A Return To Handmade & Uplifting Women Artisans Through The Ancient Art of Chikankari
Chikankari embroidery is an ancient artform from the northern regions of India that has been passed down for over four centuries . This embroidery style is very popular throughout India and its extremely intricate and delicate stitches are unmissable. Chikankari is traditionally done on lightweight fabrics such as cotton muslins or silk and consists of about 36 different raised , flat and knotted stitches to create floral motifs and patterns. The multi step process begins with cutting the fabric to the form of the garment it will be. Next, The fabric is block printed in temporary ink to indicate where the different embroidery motifs will go. Lastly, the artisan embroiders over the print using a variety of stitches and open patterns to create different textures. It takes years to become a master in this style of embroidery and multiple days to complete even a single garment. Manvi: the handmade continues to celebrate, preserve, and promote the Chikankari tradition and to uplift and create opportunities for the women artisans who work for them. The first time we saw Manvi dresses in person in Southern India we were completely blown away by the beauty. Although so many places in the world are moving away from handmade and toward digitized everything including embroidery, computers have absolutely nothing on what humans can produce by hand. At Post Surf we are still mesmerized by the work of artisans and are interested in not only celebrating what handmade really means but also in collaborating with companies who are focused on the preservation of cultures, families and the crafts that have binded them together for centuries. Below are some really special behind the scenes photos that Sujata, owner and founder of Manvi: The Handmade shared with us of the process.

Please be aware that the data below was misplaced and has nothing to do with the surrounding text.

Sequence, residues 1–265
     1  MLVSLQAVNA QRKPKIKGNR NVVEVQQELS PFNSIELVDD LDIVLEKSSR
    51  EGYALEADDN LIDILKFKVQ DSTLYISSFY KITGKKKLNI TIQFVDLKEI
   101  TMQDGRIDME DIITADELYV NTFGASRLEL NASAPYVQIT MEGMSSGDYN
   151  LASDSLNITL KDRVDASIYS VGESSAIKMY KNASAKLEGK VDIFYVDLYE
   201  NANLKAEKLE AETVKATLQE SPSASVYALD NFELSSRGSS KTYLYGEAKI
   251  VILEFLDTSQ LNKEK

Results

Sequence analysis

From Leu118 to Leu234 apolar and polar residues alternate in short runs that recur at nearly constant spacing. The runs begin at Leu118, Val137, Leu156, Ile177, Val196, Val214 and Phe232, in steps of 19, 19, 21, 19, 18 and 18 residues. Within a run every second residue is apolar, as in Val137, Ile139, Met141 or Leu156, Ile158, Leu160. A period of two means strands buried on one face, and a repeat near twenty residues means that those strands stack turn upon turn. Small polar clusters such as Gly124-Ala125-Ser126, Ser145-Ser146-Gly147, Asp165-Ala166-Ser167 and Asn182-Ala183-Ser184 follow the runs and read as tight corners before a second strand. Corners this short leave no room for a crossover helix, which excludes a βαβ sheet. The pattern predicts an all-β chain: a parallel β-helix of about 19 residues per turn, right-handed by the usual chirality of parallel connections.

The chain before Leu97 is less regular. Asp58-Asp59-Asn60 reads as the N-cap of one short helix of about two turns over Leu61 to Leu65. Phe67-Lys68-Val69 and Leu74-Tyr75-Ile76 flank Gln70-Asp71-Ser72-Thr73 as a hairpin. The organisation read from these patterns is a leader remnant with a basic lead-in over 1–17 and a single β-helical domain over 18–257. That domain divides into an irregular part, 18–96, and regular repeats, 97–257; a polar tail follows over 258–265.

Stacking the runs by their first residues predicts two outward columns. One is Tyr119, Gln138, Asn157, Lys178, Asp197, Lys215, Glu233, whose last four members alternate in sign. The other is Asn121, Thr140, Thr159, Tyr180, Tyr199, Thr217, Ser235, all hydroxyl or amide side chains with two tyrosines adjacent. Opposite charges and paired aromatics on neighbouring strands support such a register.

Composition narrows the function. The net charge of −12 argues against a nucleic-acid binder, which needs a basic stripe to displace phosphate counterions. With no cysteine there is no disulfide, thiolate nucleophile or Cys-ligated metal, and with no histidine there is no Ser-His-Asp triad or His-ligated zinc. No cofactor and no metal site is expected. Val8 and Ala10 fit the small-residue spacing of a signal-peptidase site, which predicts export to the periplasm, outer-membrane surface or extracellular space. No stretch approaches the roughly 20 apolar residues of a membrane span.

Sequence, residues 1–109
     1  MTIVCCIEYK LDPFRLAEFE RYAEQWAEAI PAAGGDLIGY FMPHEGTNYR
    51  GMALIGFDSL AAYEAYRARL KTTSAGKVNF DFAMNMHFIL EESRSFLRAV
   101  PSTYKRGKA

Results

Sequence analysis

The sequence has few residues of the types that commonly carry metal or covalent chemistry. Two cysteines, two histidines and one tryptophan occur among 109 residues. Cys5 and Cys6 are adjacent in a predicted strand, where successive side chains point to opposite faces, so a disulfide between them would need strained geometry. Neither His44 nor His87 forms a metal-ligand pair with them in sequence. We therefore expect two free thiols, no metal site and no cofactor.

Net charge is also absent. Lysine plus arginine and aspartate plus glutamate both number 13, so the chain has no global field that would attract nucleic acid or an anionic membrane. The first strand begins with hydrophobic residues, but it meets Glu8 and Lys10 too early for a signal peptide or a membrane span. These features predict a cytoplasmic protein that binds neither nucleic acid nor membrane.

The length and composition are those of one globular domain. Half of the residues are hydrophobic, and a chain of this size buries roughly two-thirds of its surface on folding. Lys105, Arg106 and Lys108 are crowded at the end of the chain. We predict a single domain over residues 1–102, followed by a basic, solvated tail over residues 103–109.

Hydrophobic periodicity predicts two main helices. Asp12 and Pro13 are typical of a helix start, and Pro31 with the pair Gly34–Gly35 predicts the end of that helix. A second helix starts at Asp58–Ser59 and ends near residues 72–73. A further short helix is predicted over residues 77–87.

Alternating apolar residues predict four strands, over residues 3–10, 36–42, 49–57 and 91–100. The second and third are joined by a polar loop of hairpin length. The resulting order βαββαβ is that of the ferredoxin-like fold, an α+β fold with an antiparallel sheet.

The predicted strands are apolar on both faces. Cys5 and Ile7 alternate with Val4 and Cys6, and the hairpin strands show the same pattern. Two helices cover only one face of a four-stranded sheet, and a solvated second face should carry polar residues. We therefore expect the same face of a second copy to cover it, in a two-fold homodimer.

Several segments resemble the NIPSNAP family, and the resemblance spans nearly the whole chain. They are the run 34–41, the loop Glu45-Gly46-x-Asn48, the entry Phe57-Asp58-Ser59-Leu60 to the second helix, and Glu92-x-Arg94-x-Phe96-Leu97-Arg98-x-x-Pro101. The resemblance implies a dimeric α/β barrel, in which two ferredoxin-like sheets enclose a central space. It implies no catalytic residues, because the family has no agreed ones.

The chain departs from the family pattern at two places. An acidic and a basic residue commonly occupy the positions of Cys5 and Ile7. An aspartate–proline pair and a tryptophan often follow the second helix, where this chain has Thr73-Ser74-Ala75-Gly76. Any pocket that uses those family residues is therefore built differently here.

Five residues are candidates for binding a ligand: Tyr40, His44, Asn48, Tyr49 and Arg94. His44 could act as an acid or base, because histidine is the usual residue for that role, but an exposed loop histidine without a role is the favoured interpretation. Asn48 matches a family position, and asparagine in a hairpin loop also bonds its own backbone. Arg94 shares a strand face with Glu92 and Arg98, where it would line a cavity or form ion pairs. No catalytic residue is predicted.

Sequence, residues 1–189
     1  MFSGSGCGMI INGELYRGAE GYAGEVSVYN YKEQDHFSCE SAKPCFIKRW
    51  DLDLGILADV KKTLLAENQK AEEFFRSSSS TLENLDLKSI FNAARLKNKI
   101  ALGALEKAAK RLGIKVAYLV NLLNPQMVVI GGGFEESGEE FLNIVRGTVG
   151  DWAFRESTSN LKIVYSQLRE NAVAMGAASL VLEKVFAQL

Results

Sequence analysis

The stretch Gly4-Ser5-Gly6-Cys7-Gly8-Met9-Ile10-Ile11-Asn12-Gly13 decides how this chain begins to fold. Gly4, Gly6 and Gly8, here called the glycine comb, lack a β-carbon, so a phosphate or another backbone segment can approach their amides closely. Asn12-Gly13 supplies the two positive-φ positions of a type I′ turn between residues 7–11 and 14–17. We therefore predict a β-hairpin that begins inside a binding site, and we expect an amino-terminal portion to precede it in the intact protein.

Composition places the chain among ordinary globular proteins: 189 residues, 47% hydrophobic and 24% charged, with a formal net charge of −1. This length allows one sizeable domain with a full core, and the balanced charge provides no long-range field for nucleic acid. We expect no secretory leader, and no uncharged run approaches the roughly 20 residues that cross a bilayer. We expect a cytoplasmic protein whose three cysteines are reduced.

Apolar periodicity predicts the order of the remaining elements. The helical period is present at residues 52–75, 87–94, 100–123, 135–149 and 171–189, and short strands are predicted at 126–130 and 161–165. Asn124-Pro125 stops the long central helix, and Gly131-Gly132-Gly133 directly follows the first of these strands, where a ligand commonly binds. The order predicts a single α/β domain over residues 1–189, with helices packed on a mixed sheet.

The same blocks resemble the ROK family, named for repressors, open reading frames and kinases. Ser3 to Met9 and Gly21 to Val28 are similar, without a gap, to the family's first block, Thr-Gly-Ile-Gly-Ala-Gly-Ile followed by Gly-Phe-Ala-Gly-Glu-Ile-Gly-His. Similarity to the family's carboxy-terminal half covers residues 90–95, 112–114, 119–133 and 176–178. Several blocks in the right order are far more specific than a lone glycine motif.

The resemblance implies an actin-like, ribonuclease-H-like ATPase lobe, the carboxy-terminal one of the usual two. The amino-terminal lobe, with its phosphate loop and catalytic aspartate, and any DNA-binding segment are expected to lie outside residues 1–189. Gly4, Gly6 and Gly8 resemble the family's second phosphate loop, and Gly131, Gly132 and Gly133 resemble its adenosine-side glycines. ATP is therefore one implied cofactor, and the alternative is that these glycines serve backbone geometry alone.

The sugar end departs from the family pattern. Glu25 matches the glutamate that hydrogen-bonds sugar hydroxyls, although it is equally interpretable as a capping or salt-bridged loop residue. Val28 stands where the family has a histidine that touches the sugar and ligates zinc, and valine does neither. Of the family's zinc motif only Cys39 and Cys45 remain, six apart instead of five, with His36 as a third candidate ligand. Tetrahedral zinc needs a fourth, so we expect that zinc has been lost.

Close up of the circular frame used to stretch the fabric and create a consistent surface to embroider on."Shadow work" is also common, where the motifs are embroidered on the back of sheer fabric to create a shadowed effect on the front of the garment
"Since our establishment, we have made a conscious effort to recognize and challenge cultural and structural barriers that hinder women from working and achieving monetary independence. For example, to accommodate female workers with domestic care responsibilities, we encourage them to work from home. To assist younger workers whose families are worried about them traveling alone, we provide free transportation to and from the workplace."
(Left) The artisans work side by side hand embroidering each piece | (Right) Garments are first block printed with precision to indicate the placement of the embroidery
Apsara Dress in True White | Shop it Here
(Below) The Manvi artisans in action